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The Barnes & Noble House of Cards is in Motion
I recently made myself a promise to remain silent unless I had something positive to say. Anyone who knows me knows this is not a personal strength but I want you to understand I am working on it. I walked around the recent Book Expo (Print Book?) Show feeling like Rip Van Winkle passing through an industry that continues to operate in the same ways as 125 years ago, and just smiled and winked at the many ghosts passing down the aisles.
But this news today from Barnes & Noble brings me back to my chief concern for the future of print book publishing, and especially the authors to be impacted, which is their announced ongoing poor retail store performance.
As reported by Reuters: “The picture was also bleak in its retail business, consisting of its 675 bookstores and accounting for two-thirds of sales. Sales at stores open at least 15 months fell 8.8 percent last quarter. Barnes & Noble expects retail sales to be down by a high single digit percentage in its new fiscal year.”
You see it is all a house of cards and I lived through this during the decline of print photography and see so many parallels I would feel remiss for not sharing them even if they fall upon denying ears. The parallels are these:
1) The core print retail business erodes much faster than the internal denial plans for, with too-rosy financial assumptions (the people driving the bus understandably want to stay employed) proving to have been far too optimistic when viewed in hindsight. That escalating erosion plays hand in hand with:
2) You cannot continue to invest in new competitive digital areas like the Nook without a funding base, so both the new and the old are failing in tandem. I witnessed this working for Konica in the 1990s and also watched it happen at Poloroid, Kodak, and others. What these giants had in common were huge investments with mega-retailers to push through huge volumes, via expensive multi-year contracts. And also huge investments in R&D digital image capture, edit, and share product ideas (e.g., cameras/phones, photo software, and send/storage).
3) This major retail erosion is truly bad news for the publishing Big Six in my view, who have built publishing models scaled on these superstore retail volumes. Increased royalty advances, larger print runs…all made possible by widespread retail presence through B&N and Borders (gone). The current consolidation is similar to what happened in the photo industry, when Konica merged with Minolta (and eventually wisely got out of consumer photo altogether). Sony also exited as did others. The new growth came from new players. The industry survivors rapidly downsized themselves to new smaller niche market segments (e.g., Nikon). And one of the world’s longest-standing, most-prized brands — Kodak — was brought to their knees. Impossible people thought.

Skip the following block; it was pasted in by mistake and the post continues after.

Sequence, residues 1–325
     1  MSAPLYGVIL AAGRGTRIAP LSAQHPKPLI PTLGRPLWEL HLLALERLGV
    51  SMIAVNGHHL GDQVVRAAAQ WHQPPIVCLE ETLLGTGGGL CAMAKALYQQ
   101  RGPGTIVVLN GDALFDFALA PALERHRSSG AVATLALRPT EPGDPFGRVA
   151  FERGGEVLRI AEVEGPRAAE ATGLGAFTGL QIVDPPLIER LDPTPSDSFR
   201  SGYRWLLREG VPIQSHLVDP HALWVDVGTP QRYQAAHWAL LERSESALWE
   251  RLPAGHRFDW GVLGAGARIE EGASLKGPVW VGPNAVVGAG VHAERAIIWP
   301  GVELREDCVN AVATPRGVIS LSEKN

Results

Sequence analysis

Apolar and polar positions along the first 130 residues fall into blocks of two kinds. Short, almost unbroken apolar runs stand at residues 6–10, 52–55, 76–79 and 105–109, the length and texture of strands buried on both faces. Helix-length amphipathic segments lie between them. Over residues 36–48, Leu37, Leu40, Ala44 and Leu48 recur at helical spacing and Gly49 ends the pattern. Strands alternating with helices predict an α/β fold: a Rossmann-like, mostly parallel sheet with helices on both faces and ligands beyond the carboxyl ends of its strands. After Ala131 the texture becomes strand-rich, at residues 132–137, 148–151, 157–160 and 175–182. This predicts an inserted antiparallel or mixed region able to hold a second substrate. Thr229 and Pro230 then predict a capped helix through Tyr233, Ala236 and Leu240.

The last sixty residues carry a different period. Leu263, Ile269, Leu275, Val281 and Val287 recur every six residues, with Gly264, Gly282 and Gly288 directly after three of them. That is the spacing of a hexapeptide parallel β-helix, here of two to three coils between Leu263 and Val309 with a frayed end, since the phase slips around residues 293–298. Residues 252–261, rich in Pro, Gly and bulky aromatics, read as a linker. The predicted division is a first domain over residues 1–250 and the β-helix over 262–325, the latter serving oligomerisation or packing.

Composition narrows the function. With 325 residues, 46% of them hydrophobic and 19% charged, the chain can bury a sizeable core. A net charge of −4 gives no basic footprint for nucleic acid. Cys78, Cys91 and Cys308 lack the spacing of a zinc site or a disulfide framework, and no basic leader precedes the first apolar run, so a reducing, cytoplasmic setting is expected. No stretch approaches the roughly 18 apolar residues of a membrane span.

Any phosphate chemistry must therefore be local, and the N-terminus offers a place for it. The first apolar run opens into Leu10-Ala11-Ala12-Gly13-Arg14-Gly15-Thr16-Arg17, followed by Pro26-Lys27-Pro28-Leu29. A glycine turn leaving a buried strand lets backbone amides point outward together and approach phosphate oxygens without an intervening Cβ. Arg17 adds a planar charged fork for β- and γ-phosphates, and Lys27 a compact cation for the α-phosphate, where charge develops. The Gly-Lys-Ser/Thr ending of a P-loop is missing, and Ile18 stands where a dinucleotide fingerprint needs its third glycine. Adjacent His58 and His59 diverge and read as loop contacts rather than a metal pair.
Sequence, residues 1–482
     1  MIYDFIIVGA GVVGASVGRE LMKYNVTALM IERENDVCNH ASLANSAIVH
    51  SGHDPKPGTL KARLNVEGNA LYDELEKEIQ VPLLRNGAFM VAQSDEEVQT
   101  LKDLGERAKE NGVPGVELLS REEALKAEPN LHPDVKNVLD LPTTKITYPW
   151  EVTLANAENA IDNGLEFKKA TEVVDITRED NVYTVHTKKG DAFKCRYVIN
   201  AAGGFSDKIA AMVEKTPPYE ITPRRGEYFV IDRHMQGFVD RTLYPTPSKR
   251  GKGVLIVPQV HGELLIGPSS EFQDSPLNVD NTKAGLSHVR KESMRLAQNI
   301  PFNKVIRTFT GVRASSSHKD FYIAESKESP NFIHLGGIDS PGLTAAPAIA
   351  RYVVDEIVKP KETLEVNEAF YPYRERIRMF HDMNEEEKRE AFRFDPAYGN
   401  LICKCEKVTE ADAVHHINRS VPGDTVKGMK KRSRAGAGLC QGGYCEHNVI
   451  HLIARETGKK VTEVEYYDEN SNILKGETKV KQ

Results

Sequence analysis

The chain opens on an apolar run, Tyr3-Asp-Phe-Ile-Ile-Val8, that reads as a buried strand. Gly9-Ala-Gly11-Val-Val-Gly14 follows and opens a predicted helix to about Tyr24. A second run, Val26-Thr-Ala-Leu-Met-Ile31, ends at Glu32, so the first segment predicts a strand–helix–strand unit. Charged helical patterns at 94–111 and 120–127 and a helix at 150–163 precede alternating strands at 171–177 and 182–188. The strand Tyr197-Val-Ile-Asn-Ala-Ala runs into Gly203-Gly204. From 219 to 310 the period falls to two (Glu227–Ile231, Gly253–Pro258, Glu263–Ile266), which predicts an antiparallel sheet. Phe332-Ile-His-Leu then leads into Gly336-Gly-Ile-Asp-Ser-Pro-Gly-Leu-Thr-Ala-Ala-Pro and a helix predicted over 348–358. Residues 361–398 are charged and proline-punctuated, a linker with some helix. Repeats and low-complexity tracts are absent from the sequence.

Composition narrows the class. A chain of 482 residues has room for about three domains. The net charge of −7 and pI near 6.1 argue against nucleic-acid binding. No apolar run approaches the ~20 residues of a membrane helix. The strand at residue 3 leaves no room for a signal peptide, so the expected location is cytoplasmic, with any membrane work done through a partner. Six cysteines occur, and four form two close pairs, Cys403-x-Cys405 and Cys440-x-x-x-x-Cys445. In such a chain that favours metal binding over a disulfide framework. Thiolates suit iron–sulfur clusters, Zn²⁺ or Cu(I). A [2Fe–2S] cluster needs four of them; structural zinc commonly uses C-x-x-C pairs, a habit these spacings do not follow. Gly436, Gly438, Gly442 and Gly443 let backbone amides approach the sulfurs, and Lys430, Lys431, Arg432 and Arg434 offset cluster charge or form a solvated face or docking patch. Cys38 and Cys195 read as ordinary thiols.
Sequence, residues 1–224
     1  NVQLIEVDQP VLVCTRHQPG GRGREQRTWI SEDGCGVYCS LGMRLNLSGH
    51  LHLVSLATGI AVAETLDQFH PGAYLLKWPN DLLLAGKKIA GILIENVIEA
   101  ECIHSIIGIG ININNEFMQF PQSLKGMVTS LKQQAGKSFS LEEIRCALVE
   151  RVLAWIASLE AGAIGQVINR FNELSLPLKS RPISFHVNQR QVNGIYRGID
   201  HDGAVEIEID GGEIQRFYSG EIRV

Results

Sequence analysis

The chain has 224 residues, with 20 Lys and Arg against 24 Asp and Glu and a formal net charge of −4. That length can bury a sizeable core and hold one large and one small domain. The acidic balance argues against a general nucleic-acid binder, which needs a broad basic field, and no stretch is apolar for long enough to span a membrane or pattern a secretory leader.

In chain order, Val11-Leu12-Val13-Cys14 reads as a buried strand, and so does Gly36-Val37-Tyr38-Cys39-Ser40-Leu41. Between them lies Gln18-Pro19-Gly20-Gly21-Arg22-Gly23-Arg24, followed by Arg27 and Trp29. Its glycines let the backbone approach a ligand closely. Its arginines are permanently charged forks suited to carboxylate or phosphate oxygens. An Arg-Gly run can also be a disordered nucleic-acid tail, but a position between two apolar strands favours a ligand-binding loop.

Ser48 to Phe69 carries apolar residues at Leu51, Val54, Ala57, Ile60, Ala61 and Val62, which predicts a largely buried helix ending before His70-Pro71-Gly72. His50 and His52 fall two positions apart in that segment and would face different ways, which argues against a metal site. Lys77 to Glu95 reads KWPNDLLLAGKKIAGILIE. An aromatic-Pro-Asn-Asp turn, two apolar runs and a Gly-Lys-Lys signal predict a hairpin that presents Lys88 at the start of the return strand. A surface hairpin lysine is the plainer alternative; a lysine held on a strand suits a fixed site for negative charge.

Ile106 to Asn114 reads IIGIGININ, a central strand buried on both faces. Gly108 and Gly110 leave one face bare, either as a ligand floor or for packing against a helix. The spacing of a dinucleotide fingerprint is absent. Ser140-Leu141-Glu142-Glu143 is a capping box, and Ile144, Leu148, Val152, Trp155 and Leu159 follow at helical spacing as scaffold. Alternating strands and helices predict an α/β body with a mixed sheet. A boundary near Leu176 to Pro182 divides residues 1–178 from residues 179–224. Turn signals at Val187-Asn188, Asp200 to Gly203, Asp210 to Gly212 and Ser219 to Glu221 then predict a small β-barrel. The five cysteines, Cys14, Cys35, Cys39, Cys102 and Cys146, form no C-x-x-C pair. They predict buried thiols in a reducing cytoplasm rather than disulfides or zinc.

So if you are a major publisher, with all those newly combined overheads and impending staff reductions, how do you make it work as your core retail business dries up? I do not pretend to have answers but based on what I saw in other industries forever altered by the digital revolution, would suggest that they need to take their best and brightest and put them to work with the West Coast best and brightest in launching new brands using new business models. Or buy new brands while they still have cash. The good news is the food will still be served, but it will be on a new plate, as Douglas Adams famously said over a decade ago.
And if I were B&N? I would be working hard and fast on a new store-within-store branded retail concept to go into supermarkets and mass merchants while the brand still has value. A combination of bestsellers and print-on-demand from a new wave of cheaper faster machines. This is what Fuji did in the photo business to stay afloat. Today, their self-service photo stations are everywhere from Walmart to Walgreens to Kroger. Kodak once had that space locked up but Fuji out-innovated them.
The good news in all this? The sooner we get through the painful transition, the faster the new jobs can be created. But sadly they will not be the same people, many of whom look like they are over sixty based on what I saw at Book Expo. The twenty-somethings will continue driving major new changes in the decades to come. I doubt there are many former Kodak people working at Facebook or Apple in the new world of consumer photo we all enjoy so much today. What happens to all the good “old” people is truly the saddest part of these disruptive changes and I sincerely hope they can manage a soft landing.
I promise…my next post will be extra bubbly to make up for this Debbie-Downer one.
— Caleb Mason